Grammy Sweep

A revived Eminem—who 10 years ago was picketed at the Grammys by GLAAD—is the favorite to sweep the awards’ Big 3 categories. Plus, a gallery of eight artists who’ve won the Big 3.

AP Photo

AP Photo

1971

THE ARTIST: Simon & Garfunkel, for Bridge Over Troubled Water and its title track

THE NARRATIVE: Biz saviors. Bridge was one of the first rock-era albums to sell 10 million copies; true to its title, it crossed the generation gap, appealing to both hippie kids and their parents.

THE COMPETITION: Bridge's fellow Album nominees—by Chicago, the Carpenters, CSNY, Elton John, and James Taylor—all had similar cross-generational appeal, but S&G's album stands up better than theirs. That's less true of Record—I'll take Taylor's "Fire and Rain" and the Beatles' "Let It Be" over "Bridge," though not the Carpenters' "Close to You" or Ray Stevens' "Everything Is Beautiful"—and Song (same nominees, subbing in "We've Only Just Begun" for "Close to You").

Jim McCrary, Redferns / Getty Images

1972

THE ARTIST: Carole King, for Tapestry and "It's Too Late"

THE NARRATIVE: Biz savior. King had been a hit songwriter (with then-husband Gerry Goffin) in the '60s— Tapestry includes her versions of "A Natural Woman" and "You've Got a Friend," big hits for Aretha Franklin and James Taylor, respectively—and Tapestry followed Simon & Garfunkel to the 10-million mark.

THE COMPETITION: Song for song, Tapestry holds up a lot better than the George Harrison (triple-LP), Carpenters (again!), Isaac Hayes ( Shaft is a great single plus soundtrack filler), and London cast ( Jesus Christ Superstar) albums it competed against. But I'll take "Theme from ‘Shaft'" over "It's Too Late" for Record, and Song-wise, would consider "Me and Bobby McGee" over it.

AP Photo

1981

THE ARTIST: Christopher Cross, for his self-titled album and "Sailing"

THE NARRATIVE: Hot-shot debut. Cross' unassuming friends-in-the-biz soft pop made him seem like an old-fashioned middle-of-the-road star-in-the-making. Then MTV came along, and the un-photogenic singer's career turned to toast.

THE COMPETITION: What a dire year. Today, most people would throw the Album vote to Pink Floyd's The Wall; so would I, and I'm not even a fan. Ditto Bette Midler's "The Rose" (for Record) and Irene Cara's "Fame" (for Song).

Nick Ut / AP Photo

1992

THE ARTIST: Natalie Cole, for Unforgettable . . . with Love and "Unforgettable"

THE NARRATIVE: Comeback. Cole hadn't had a hit in over a decade. The most controversial sweep ever, since the title song was a "virtual duet" with her father, Nat "King" Cole, in which she sings over his original recording, from 1951. Giving Song of the Year to a 40-year-old hit: not shrewd.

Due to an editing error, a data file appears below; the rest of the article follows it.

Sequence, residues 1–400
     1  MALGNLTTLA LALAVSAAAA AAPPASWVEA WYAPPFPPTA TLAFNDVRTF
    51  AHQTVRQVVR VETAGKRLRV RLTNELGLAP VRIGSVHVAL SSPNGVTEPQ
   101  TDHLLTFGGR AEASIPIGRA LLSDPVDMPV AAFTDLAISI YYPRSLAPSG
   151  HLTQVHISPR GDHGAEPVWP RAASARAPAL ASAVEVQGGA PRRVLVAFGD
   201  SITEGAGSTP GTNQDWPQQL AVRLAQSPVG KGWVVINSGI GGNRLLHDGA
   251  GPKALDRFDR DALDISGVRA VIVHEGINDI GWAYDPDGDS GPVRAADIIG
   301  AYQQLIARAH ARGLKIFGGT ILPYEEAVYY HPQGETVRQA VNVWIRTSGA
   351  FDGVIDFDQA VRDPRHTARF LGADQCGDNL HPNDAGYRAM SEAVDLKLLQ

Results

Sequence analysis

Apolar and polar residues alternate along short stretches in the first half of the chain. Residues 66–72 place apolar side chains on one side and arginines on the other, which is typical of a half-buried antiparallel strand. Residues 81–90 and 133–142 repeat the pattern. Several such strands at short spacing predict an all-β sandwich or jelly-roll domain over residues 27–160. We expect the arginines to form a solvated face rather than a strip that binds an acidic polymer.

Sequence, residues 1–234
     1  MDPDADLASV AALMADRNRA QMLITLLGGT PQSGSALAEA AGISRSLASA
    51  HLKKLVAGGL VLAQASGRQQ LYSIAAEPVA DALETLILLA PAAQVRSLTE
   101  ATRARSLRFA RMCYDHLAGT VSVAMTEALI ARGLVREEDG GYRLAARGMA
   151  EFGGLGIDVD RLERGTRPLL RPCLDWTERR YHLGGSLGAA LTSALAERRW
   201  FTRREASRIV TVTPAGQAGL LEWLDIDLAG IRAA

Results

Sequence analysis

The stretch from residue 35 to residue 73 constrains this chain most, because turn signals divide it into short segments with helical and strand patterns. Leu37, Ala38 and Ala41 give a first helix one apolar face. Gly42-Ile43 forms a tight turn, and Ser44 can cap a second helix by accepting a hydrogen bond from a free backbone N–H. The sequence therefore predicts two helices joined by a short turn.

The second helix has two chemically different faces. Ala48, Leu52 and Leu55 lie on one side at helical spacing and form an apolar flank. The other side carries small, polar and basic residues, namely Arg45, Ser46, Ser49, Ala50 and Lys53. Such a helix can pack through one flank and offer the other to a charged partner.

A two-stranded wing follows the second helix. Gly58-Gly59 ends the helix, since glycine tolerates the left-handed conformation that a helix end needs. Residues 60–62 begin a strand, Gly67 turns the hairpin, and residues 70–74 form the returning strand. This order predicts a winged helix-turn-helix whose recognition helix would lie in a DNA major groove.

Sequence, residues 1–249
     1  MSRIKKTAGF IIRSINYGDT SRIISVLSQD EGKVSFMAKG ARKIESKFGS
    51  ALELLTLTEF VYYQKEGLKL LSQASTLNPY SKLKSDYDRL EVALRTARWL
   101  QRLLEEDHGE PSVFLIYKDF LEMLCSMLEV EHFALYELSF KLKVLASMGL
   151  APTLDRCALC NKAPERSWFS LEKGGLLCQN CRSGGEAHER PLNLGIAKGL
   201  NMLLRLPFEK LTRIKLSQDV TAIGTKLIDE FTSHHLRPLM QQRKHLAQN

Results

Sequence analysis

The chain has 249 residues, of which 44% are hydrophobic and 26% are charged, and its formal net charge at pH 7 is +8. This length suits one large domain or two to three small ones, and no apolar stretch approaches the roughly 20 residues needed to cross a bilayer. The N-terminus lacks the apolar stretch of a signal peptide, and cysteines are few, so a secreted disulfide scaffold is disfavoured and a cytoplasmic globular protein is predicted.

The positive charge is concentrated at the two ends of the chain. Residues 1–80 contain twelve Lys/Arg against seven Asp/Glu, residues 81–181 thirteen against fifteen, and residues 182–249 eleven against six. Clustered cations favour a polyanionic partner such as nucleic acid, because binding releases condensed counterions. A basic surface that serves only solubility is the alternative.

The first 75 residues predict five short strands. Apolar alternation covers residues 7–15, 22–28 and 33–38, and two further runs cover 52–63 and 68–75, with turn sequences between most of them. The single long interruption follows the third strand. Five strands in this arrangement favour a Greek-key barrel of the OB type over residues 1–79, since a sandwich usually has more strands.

THE COMPETITION: R.E.M., with Out of Time and "Losing My Religion," should have swept.

Douglas C. Pizac / AP Photo

1993

THE ARTIST: Eric Clapton, for Unplugged and "Tears in Heaven"

THE NARRATIVE: Comeback. The win cemented Clapton as a rock elder statesman—not least because he was sitting on a stool with an acoustic guitar rather than shredding on electric, just the way the Grammys like their icons.

THE COMPETITION: Achtung Baby is U2's best album—it's certainly better than How to Dismantle an Atomic Bomb, which won in 2006. But "Tears" deserved its victory over some truly horrible competition. Three words: "Achy Breaky Heart." Four more: "Beauty and the Beast."

Reed Saxon / AP Photo

2000

THE ARTIST: Santana, for Supernatural and "Smooth" (featuring Rob Thomas)

THE NARRATIVE: Comeback and biz savior. Supernatural was then-Arista head Clive Davis' brainchild: pair a whatever-happened-to legend with a bunch of new jacks and watch the dollars come in. It sold more than 10 million, while "Smooth" became the longest-lasting No. 1 hit to that point.

THE COMPETITION: This should have been TLC's year: FanMail was up for Album, "No Scrubs" for Record. For Song, it's hard to argue with the Backstreet Boys' "I Want It That Way."

Kathy Willens / AP Photo

2003

THE ARTIST: Norah Jones, for Come Away with Me and "Don't Know Why"

THE NARRATIVE: Biz savior and hot-shot debut. Like Christopher Cross, Jones won big with her first album (the two of them have the only clean sweeps in Grammy history—the fourth major award is Best New Artist, which each won as a matter of course), and unlike almost anyone since, she moved more than 10 million copies of it.

THE COMPETITION: Pretty bleh. Avril Lavigne's "Complicated" edges "Don't Know Why" in Song, but just barely, while Eminem's "Without Me" trounces it handily in Record; ditto The Eminem Show for Album.

Reed Saxon / AP Photo

2007

THE ARTIST: Dixie Chicks, for Taking the Long Way and "Not Ready to Make Nice"

THE NARRATIVE: Comeback. Not the Santana kind—the Dixie Chicks hadn't stopped being stars—but because of Nashville politics: the Chicks were given the cold shoulder by country radio after lead singer Natalie Maines criticized George W. Bush onstage in London. This was a triumph of a band sticking to its guns.

THE COMPETITION: Stronger than usual. Justin Timberlake and Gnarls Barkley both made great albums, and the latter's "Crazy" should have run away with Record of the Year. As for Song, Mary J. Blige's "Be Without You" was the most indelible.